On Top Of The Moon has already taken a look at key stats for defence, work rate and attack so now it’s time for attention to turn to the issue of discipline in the PRO14. Last season saw 555 players concede 2,772 penalties – with 138 men keeping their noses clean and not committing any offences (well at least none that the referees spotted!)
Read on to find out the top 10 most likely to concede penalties in each position group and the overall bad boys’ and good guys’ XVs from 2017/18.
The nature of the scrum meant the big men in the front row were always likely to be the naughtiest of the naughty. They conceded over 1,000 penalties – more than 37% of the total offences – and it was the men from Zebre and Benetton that lead the way. Having given them their props (sorry…) for their skills in attack it’s only fair to draw attention to the fact that the old cliche about powerful Italian scrummaging is a little out of date these days.
More trouble in the tight 5 for Zebre (Valerio Bernabo was also only 2 places off this list). George Biagi’s 21 penalties and 2 yellow cards certainly meant he was right in the thick of things – but not necessarily in an entirely positive way! Fortunately for the stripy (now multi-coloured) Italians, as we’ll see below, their back rowers helped to balance things out a bit by being a lot more efficient at avoiding the referee’s wrath…
The fantastically named Tienie Burger put in an incredible effort throughout the season. Even without being at risk of offending in the scrum like his front row colleagues he managed to concede 22 penalties all on his own during 13 appearances in the league. That’s some serious dedication to getting on the wrong side of the refs. (The very top of the tree for total penalties conceded was of course a prop – Burger’s teammate at the Kings, Schalk Ferreira.)
Moaning; griping; wailing; whining; grousing; grumbling; carping; lamenting. Just generally complaining about everything in fact. It’s a wonder the scrum halves’ strong showing on this list isn’t even stronger. The refs would probably need to catch them doing something more than low-level petty whinging though. There are also some pretty grumpy stand offs among these names who could give the 9s a run for their money.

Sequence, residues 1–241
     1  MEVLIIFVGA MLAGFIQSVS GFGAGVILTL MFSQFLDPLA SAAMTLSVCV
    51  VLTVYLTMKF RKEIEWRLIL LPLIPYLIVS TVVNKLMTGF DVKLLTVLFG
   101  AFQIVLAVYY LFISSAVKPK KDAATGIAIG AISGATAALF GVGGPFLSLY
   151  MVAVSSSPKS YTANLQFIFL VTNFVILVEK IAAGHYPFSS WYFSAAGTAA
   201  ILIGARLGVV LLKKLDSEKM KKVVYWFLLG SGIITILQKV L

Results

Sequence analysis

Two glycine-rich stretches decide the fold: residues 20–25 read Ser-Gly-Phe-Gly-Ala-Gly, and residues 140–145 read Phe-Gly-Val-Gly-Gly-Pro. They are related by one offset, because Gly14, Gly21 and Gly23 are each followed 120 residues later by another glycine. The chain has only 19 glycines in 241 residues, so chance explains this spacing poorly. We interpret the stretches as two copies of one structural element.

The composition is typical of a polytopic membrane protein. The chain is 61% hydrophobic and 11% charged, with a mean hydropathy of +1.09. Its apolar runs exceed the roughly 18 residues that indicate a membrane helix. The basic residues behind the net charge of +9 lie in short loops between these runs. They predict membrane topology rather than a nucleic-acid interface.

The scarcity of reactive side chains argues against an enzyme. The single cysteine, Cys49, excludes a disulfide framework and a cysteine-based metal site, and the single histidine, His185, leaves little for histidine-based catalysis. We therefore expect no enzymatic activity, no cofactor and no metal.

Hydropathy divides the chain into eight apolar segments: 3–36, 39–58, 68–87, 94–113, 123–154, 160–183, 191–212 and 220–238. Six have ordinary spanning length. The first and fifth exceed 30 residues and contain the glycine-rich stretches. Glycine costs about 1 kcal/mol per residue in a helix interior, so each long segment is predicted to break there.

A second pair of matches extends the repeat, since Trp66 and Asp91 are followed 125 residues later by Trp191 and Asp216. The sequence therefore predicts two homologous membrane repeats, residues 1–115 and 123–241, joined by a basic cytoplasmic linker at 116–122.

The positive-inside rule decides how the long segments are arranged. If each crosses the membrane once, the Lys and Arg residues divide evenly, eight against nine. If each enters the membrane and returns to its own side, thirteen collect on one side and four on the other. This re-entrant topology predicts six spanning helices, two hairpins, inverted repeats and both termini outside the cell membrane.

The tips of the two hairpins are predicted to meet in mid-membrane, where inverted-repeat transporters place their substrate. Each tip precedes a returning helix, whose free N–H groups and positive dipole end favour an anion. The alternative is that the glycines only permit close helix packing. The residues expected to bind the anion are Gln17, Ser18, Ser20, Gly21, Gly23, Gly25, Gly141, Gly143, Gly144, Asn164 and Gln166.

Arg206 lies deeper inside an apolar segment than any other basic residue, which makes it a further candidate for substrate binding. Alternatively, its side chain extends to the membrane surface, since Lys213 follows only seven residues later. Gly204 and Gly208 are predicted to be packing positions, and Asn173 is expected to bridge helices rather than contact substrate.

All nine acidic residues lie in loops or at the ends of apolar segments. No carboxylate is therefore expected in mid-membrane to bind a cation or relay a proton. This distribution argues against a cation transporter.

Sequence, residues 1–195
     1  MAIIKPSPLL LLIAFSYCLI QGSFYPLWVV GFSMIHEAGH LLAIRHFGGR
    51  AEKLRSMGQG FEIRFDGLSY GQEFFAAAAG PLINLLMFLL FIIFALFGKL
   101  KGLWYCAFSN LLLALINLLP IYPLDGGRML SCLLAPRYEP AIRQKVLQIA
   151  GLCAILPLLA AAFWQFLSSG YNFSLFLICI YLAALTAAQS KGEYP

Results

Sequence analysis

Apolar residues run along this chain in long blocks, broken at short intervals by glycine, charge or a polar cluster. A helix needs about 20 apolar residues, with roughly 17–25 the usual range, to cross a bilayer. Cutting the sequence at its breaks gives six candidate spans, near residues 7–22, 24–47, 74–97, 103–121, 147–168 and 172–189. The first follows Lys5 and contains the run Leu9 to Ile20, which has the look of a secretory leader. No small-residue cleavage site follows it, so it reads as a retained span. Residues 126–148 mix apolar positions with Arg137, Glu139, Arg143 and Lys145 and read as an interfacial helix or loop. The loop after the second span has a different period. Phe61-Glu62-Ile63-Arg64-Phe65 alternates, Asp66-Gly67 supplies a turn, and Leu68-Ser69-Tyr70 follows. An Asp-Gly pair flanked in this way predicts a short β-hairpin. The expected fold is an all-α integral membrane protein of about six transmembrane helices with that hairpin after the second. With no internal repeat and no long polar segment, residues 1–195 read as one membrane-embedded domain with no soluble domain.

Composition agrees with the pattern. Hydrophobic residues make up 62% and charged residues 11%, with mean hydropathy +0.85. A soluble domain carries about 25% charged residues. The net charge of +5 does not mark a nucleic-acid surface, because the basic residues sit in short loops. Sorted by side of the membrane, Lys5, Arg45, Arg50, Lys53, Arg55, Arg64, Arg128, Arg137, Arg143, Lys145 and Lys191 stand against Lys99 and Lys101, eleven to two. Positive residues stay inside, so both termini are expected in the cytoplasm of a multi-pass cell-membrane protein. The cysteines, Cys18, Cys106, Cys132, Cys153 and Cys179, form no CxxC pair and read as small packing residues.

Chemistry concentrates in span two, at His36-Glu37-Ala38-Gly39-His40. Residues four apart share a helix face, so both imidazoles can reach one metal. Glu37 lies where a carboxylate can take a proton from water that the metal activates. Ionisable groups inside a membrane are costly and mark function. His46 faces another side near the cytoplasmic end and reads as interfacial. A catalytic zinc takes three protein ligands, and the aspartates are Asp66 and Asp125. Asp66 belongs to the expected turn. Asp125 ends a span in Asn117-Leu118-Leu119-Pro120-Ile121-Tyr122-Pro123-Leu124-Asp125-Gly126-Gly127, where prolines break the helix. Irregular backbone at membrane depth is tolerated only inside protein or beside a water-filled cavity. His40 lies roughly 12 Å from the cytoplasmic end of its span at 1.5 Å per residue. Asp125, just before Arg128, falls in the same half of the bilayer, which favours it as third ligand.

There’s a trend for the more physical centres to play almost as auxiliary back rows, taking primary responsibility for attacking the breakdown and jackalling once the play gets stretched a little wider. With that being the case seeing names like Marshall, Robb and Dunbar on this list is hardly surprising. 85kg Tomasso Iannone is a bit of an anomaly though. His defensive efforts belie his (relatively) slight stature and he’s clearly not afraid to get stuck in.
It takes a special kind of attitude / hot-headedness / losing of the plot (take your pick) for a player who spends most of the game in a position that’s peripheral to the real action to get their minutes per penalty into double digits. Hanno Dirksen is that man though. Clearly a frustrated flanker, the South African winger had nearly as many penalties as clean breaks – and the same number of yellow cards (and suspensions) as he did tries…
This is what a bad boys XV would look like. These lads would never be far from the heart of the action (unless they were taking an unscheduled sit down for 10 minutes of course):
Of course not everyone
gets caught transgresses the laws all the time. The very best behaved players in the PRO14 only conceded 6 penalties in a combined 8,264 minutes of game time. As a XV they would average less than 1 penalty per match.
Minimum qualification – 240 minutes played
Stats source – http://espn.co.uk match reports